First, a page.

African army worm are back, FAO warns
The Food and Agriculture Organization (FAO) has raised an alert over the re-emergence of the African Armyworm in six Eastern African countries including Kenya.
The pest which has already invaded 23 counties in the country comes back after 21 years with climate change blamed for the latest challenge to the agriculture sector.
This comes at a time when over twenty counties mainly in ASALs regions are still rearing from the drought and months after invasion of Desert Locust.
FAO Country Director Mucavi Carla attributed the resurgence of the pest to climate change, noting that the current weather was very conducive for the pest to breed.
Mucavi identified Kenya, Eretria, South Sudan, Ethiopia, Somalia and Uganda as the countries currently feeling the effects of the pest.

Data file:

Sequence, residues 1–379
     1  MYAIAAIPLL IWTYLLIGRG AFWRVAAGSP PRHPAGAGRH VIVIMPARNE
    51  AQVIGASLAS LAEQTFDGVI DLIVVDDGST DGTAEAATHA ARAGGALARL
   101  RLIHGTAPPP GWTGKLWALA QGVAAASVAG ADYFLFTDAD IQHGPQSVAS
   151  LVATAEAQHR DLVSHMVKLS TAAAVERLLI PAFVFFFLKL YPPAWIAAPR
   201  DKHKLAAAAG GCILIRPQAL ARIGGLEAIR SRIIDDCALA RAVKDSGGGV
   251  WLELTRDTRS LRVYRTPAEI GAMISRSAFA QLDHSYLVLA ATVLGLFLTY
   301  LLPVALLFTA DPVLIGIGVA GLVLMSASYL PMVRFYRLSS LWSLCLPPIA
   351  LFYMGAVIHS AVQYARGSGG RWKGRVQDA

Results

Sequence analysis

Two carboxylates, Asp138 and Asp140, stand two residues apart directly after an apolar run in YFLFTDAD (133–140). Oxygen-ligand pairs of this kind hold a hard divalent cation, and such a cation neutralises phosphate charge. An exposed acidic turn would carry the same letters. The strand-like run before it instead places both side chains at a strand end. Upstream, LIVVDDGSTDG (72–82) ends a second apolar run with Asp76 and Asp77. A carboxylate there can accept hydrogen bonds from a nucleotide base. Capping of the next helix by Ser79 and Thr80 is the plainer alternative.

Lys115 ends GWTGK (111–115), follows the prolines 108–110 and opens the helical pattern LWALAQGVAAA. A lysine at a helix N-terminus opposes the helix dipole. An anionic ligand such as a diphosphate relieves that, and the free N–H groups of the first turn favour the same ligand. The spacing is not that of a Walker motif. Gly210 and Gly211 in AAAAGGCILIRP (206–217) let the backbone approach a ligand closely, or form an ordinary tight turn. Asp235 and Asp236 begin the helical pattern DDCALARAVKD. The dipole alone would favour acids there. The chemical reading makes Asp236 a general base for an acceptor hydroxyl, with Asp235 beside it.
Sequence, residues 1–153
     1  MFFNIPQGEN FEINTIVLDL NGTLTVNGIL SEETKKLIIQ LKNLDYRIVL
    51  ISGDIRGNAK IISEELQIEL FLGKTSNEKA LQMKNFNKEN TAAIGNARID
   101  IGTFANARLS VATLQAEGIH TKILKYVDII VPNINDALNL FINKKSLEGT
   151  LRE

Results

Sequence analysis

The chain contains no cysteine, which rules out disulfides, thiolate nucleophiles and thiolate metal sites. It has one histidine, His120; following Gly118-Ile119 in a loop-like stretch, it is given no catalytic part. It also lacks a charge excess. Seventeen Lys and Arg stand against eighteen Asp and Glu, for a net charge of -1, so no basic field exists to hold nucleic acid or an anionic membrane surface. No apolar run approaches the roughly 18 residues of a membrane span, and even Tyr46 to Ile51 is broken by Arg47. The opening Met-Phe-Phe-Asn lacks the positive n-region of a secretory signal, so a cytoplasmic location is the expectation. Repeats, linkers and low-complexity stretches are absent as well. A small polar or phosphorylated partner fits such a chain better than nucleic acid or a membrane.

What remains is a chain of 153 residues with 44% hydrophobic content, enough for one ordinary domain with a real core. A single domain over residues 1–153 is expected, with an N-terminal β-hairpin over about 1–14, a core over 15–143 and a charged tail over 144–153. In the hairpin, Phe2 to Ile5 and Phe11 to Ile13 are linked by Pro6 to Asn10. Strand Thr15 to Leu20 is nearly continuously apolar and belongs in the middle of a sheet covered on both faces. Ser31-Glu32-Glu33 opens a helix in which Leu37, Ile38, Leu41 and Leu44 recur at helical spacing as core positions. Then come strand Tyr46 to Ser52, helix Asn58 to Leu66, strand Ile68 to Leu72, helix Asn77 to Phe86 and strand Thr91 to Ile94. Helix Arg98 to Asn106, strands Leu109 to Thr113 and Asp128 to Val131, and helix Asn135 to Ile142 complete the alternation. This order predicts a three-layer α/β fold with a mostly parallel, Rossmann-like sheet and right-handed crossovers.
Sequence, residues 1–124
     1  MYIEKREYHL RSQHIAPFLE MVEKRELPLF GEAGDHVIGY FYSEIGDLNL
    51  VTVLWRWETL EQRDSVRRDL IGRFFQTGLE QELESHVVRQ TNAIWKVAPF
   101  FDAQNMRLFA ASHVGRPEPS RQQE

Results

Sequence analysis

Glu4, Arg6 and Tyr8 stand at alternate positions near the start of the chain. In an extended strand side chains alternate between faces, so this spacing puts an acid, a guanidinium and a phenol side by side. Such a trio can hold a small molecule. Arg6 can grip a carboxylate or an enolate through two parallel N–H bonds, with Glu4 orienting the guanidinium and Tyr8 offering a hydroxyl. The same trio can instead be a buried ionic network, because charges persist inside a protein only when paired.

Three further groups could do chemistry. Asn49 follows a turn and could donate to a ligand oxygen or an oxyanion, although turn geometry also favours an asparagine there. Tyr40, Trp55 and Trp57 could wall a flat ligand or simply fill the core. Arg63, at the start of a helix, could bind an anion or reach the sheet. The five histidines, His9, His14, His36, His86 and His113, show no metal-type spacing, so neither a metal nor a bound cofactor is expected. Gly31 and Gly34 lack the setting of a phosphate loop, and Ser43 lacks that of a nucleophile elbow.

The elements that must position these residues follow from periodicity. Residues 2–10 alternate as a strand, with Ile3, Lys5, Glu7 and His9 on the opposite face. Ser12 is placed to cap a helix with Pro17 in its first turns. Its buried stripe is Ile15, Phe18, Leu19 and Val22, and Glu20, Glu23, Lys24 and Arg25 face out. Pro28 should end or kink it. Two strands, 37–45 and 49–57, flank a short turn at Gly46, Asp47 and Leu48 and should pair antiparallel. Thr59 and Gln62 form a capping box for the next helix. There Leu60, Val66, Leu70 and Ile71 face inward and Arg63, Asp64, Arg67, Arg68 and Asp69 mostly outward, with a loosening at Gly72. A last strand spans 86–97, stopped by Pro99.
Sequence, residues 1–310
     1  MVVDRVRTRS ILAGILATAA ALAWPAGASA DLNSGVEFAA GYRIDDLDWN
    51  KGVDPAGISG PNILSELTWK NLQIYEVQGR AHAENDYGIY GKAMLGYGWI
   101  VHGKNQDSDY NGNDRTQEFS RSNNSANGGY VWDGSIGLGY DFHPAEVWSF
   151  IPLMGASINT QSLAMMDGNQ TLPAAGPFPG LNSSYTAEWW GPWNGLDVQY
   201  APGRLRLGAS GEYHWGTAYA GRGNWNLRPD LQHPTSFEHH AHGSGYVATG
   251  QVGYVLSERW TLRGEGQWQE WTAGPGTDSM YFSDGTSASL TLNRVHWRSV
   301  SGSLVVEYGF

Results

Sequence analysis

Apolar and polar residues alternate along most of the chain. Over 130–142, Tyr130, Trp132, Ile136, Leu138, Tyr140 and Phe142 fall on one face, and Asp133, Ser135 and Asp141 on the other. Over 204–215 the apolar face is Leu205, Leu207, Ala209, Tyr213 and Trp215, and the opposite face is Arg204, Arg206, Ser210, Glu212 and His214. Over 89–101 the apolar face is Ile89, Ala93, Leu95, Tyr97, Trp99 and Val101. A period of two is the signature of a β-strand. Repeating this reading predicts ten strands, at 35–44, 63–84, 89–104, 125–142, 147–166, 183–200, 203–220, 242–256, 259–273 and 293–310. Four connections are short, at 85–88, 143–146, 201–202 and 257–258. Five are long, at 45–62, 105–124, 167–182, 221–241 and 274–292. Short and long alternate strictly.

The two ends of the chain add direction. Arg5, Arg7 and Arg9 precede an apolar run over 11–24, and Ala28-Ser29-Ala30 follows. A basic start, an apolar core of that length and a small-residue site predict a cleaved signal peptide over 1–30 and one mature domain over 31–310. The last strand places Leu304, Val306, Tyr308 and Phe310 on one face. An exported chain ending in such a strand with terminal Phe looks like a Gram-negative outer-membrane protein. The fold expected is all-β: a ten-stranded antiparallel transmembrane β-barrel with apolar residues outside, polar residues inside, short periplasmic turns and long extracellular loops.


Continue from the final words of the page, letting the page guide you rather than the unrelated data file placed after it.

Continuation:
She said that the UN body had set aside USD500,000 to train agriculture extension officers and provision of equipment in dealing with the pest.
Speaking in Naivasha during the launch of the African Armyworm management project, Mucavi noted that the worm posed a major threat to food and nutrition security in the region.
On his part, the Secretary-Administration in the Ministry of Agriculture Joseph Kirubi said that the government was working closely with FAO in dealing with the worm.
According to him, 23 counties had been affected adding that the ongoing campaign was meant to stem the pest from spreading further.
Kirubi admitted the reemergence of the worm was a major blow to the country which managed to contain the invasion of Desert Locust last year.
The Director of Plant Protection and Food Safety Collins Marangu identified cereals as the most affected crops by the worm.
The CEC for Agriculture in Baringo Risper Chepkonga was grateful for support from FAO adding that this had helped contain the spread of the pest in the county.